Friday, October 14, 2016

SOMA: The Mind/Body Problem, Revisited

I want to do something a little different this time. See, I can watch scary movies of any and all stripes and engage with them - like, I can watch them and feel scared or unsettled or disturbed or horrified, but I’m still able to examine them critically and maintain a certain amount of critical distance (well, for the most part, there’s one film I’ve started two or three times and keep noping out of because it freaks me out too much, but someday, someday). I can watch scary movies and hang in there.

But games? When it comes to horror games, I am a fucking coward.

I enjoy playing video games and have for years, but there’s something about the narrative immediacy of them that makes scary games really hard for me to handle. I get freaked out really badly, really fast. Now, this isn’t true of all of them - the campiness of something like the early Resident Evil games keep them from being too unsettling, and the later ones are basically just monster-focused action like the namesake film (ugh) franchise. But, for example, the Silent Hill games, especially the second, are deeply unsettling, and I get nervous playing them. My first trip through Silent Hill 2 actually felt less like I was playing a game than dealing with an artifact of evil pressed onto disc. The persistent atmosphere of despair, the washed-out appearance of the town, the way everyone in the town had their own trauma, their own private hell, the role that descent, both metaphorical and literal, played in the narrative, all of it made me seriously anxious, enough that I didn’t finish it. Basically, Silent Hill 2 as an almost-straight adaptation would have made an excellent horror film, (at least better than the one we got). Even in non-horror games, the occasional scary bits (like the Dunwich Building or Dunwich Borers quarry in the modern Fallout games, never mind the entirety of the Dead Money DLC for Fallout: New Vegas, or even the dark, abandoned house on a rainy night of the definitely-not-horror Gone Home) make me a little uneasy until they’re over. Take away even the little bit of distance afforded by being a passive observer (because even found-footage films don’t have this effect on me) and I am just not about it.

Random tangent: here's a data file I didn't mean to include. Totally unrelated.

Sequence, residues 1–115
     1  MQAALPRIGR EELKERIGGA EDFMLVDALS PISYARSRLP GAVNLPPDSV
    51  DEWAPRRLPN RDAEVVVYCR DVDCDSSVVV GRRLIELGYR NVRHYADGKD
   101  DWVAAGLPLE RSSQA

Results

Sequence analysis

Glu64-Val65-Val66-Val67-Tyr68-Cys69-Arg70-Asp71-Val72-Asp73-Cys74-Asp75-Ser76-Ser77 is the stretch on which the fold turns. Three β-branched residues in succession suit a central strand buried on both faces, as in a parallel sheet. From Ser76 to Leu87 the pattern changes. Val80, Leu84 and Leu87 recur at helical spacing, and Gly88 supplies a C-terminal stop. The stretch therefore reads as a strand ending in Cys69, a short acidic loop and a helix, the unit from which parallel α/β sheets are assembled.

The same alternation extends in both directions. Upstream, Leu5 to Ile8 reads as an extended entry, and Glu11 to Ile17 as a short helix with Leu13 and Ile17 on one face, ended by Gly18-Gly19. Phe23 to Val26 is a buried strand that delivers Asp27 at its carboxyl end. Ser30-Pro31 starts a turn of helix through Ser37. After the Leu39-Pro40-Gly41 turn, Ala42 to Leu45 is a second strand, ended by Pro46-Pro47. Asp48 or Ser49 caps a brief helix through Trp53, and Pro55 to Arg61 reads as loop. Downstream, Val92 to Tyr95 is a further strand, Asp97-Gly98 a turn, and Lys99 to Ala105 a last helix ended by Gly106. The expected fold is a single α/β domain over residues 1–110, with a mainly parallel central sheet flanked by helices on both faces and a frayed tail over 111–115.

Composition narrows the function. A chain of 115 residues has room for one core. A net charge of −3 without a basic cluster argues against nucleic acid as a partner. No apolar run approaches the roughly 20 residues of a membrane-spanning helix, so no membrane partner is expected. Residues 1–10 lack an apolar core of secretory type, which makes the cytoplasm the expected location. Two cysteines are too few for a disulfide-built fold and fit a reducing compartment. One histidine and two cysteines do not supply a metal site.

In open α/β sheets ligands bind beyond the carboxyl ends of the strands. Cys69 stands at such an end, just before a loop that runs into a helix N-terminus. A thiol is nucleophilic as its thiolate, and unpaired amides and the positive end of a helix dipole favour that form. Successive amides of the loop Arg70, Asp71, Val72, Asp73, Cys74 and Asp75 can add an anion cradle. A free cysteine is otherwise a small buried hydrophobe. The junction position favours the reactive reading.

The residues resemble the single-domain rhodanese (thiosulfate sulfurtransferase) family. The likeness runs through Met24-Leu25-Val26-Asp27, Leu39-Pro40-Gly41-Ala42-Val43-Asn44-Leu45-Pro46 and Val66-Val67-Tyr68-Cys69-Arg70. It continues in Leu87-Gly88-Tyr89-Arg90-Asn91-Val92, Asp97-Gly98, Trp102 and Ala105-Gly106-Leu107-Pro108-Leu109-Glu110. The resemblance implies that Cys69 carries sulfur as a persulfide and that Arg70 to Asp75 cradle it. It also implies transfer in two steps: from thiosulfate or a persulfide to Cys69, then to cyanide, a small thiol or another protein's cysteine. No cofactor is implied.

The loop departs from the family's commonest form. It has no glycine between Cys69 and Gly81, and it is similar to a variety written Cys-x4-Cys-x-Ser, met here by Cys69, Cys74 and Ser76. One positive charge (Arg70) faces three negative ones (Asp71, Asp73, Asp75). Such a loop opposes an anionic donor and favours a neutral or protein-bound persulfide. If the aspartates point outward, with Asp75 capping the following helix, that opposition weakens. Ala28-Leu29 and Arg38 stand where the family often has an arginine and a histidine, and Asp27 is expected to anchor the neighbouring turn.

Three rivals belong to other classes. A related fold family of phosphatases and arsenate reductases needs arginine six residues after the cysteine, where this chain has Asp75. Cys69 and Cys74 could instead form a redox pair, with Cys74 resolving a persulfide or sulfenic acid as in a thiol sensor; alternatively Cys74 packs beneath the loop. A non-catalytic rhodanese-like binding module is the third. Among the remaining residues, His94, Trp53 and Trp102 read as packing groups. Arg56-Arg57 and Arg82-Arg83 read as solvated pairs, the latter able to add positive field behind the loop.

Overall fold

So I generally avoid horror games, or did for a long time. But now we live in the era of Twitch and Let’s Play and what is essentially the recorded and broadcast playthroughs of games, and I can go along for the ride - once I’m no longer in control of the game, it’s not all that different, necessarily, from watching a film. Sure, it’s a lot longer (so closer to a TV series) but once I’m back to being an observer instead of a causal agent, I relax.

Which is a whole lot of words to basically explain why I’m writing about SOMA. It’s a game I watched someone play during my hiatus, and one that immediately made me think “I should really write about this.” It’s a chilling, bleak examination of what it means to be alive or to be conscious, notable because it is ultimately a tragic story rather than a conventionally frightening one. There are no real monsters in SOMA, just people and technology made monstrous, often by the best of intentions.

It begins as the story of Simon Jarrett, a young man from Toronto who was badly injured in a car accident. The car’s other occupant was killed, and he was left with severe head trauma, resulting in persistent brain bleeds. We play from Simon’s perspective as he wakes up from a nightmare on the day that he’s scheduled to go in for an experimental brain scan. He’s a test subject for a new treatment, where the brain is scanned, mapped, and modeled, and that model subjected to different iterations of treatment to discover which treatment plan would be best - because it’s a virtual model of the brain, they can fail as many times as necessary in the search for a treatment without doing the patient any harm. What isn’t really brought up to Simon is the notion that a model of someone’s brain at that level of granularity is, in effect, a backup copy of your consciousness, insofar as our conscious experience of the world - perception, cognition, and memory - all happen in the brain. This, however, becomes very important when Simon sits down inside the scanner. There is some clicking, whirring, bright light...

...and when he opens his eyes, he is somewhere else entirely.

Not just somewhere else, but also somewhen. Simon has managed to leap forward by decades and wake from the scan in Pathos-II, an underwater research and satellite manufacturing facility. It’s dark, debris is strewn everywhere, and most of the equipment is covered by mysterious, glowing, warty tentacled growths. Things are breaking down and falling apart, and there are robots. The robots talk to Simon.

What’s more, they don’t seem to realize they’re robots.